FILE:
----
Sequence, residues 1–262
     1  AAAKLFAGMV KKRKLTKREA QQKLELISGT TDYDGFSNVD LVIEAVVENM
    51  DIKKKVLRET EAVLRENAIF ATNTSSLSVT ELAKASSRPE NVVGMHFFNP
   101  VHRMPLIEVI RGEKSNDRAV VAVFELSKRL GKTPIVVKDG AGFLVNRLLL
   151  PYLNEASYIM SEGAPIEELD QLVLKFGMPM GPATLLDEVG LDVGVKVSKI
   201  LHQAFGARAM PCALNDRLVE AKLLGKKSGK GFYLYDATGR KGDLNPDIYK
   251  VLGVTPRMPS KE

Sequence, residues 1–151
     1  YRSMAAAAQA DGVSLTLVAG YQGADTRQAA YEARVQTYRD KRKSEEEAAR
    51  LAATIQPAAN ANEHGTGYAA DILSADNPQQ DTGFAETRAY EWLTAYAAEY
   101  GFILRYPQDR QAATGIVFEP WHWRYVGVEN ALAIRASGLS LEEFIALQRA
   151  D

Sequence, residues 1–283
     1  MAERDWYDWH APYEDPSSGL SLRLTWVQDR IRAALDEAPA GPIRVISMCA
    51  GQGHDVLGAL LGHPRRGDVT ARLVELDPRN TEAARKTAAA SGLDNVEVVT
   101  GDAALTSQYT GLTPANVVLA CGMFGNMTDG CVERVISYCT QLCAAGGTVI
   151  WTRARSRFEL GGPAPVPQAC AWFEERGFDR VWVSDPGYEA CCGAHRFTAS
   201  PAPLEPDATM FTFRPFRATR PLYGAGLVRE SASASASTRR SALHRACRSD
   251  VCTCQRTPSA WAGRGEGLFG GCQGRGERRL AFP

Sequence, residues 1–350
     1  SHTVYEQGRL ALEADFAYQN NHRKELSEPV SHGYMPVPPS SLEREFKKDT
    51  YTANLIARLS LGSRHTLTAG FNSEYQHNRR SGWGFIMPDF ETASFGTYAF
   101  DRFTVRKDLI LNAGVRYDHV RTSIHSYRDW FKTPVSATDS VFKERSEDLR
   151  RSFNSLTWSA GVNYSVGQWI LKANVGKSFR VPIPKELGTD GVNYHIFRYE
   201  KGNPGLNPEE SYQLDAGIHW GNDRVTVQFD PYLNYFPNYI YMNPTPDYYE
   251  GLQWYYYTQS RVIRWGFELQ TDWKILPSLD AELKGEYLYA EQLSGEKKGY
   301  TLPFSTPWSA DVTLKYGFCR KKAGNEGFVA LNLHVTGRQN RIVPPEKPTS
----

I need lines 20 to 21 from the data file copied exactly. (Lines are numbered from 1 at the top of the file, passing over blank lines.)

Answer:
Sequence, residues 1–350
     1  SHTVYEQGRL ALEADFAYQN NHRKELSEPV SHGYMPVPPS SLEREFKKDT